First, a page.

‘Jupiter’s Legacy’ Is A Painfully Predictable Disaster For Netflix
Jupiter’s Legacy plays like the culmination of Netflix failing to learn every key lesson from Hollywood’s biggest blunders over the last 10 years.
Imagine that Jon Favreau’s Iron Man opened in theatres in May of 2008 and both topped the weekend box office and bombed at the box office. Not “gee, we hoped it would open better,” but outright tanked. And then, on that Monday morning, Marvel Studios announced that while there would be no Iron Man 2, they were giving audiences and “fans” a full-blown Marvel Cinematic Universe, one which might contain Iron Man and his supporting cast at some point in time. That’s essentially what happened yesterday with Netflix’s reportedly $200 million, eight-episode superhero show Jupiter’s Legacy.
The first show in Netflix’s pricy attempts to create a cinematic universe out of Mark Millar-specific comic properties has been cancelled even as it topped the weekly Nielsen lists among original shows (696 million minutes over eight episodes totaling 359 minutes). The spin is not that it’s been “canceled,” but that we’re getting a spin-off, Supercrooks. So instead of a second season to a show which earned lousy reviews and apparently poor enough post-debut viewership to not get a second season, we’re getting a whole Millarworld universe.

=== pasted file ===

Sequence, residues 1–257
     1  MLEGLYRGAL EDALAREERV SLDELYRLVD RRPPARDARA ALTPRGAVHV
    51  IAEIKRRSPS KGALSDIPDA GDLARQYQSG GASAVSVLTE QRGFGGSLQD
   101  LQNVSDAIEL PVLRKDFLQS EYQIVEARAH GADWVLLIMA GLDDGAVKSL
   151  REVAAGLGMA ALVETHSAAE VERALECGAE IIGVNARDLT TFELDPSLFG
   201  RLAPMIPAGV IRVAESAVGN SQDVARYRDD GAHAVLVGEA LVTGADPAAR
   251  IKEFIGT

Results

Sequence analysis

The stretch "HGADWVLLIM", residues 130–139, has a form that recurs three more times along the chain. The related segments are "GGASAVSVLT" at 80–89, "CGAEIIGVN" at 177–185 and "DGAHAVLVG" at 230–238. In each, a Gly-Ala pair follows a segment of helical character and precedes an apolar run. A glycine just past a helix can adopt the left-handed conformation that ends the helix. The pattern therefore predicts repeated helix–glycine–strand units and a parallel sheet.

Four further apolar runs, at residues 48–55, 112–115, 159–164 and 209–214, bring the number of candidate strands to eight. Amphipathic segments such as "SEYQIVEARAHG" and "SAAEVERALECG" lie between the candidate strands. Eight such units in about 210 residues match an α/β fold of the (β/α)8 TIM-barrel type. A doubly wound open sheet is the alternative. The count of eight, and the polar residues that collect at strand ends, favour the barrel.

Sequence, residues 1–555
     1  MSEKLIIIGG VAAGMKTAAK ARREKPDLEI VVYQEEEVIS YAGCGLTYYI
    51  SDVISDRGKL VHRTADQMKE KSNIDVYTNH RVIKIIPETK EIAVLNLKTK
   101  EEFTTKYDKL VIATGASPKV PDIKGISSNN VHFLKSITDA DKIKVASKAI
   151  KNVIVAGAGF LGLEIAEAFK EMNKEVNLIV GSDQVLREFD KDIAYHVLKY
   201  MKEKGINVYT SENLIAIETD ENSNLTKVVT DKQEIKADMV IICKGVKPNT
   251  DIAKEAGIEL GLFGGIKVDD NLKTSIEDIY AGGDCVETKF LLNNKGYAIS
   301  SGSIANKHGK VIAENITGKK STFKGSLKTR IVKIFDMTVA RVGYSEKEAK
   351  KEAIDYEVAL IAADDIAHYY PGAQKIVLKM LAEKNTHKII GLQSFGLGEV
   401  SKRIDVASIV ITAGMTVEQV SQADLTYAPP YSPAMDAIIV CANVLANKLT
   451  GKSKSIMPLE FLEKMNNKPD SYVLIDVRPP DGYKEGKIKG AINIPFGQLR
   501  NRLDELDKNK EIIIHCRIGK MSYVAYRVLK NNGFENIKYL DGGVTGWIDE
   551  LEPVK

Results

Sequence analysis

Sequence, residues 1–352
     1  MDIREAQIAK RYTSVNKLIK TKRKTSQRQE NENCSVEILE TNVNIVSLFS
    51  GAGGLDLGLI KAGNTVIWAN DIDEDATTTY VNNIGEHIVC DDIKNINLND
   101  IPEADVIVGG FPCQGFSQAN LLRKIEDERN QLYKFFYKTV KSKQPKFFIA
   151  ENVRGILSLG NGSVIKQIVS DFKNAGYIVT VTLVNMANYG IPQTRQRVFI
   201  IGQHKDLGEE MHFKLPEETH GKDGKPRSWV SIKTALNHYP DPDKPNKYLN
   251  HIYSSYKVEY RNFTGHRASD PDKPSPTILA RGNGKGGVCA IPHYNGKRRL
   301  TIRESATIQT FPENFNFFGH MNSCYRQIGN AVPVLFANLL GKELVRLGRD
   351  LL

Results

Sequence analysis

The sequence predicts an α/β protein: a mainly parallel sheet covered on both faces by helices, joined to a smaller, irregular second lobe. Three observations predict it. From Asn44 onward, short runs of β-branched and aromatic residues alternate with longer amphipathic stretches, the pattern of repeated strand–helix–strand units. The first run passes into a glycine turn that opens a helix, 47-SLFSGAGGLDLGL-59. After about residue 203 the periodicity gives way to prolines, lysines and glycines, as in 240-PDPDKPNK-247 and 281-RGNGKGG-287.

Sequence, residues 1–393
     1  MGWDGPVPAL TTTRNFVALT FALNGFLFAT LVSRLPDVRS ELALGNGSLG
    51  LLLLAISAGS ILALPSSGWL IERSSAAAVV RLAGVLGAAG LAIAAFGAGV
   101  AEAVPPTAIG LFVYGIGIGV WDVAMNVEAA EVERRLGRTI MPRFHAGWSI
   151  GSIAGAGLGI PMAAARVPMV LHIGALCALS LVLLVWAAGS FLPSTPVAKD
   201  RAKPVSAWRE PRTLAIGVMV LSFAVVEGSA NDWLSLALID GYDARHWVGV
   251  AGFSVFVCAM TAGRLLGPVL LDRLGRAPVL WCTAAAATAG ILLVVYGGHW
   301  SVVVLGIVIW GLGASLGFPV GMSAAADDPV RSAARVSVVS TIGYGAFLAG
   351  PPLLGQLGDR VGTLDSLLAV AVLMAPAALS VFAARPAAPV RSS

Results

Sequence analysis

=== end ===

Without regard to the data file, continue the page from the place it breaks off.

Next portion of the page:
It would be like Universal announcing The Dark Universe after The Mummy bombed. Sure, it’s not dissimilar to Warner Bros. swapping out a planned Man of Steel 2 with a universe-launching Batman v Superman. But Man of Steel didn’t flop so much as disappoint ($668 million worldwide amid mixed reviews and poor legs on a $225 million budget) in relation to expectations. Moreover, Superman and Batman were known characters with a genuine fanbase.
The entire enterprise of Jupiter’s Legacy was a mega-budget bet on the abstract instead of the specific. First, as I’ve been saying for 10 years, you don’t spend Return of the King money on Fellowship of the Ring. The first Lord of the Rings movie cost “just” $95 million in 2001 while the ($1.1 billion-grossing) finale cost $150 million. It was only after it earned $874 million worldwide that Peter Jackson was given even more money for reshoots, pick-ups, etc. for Two Towers and Return of the King.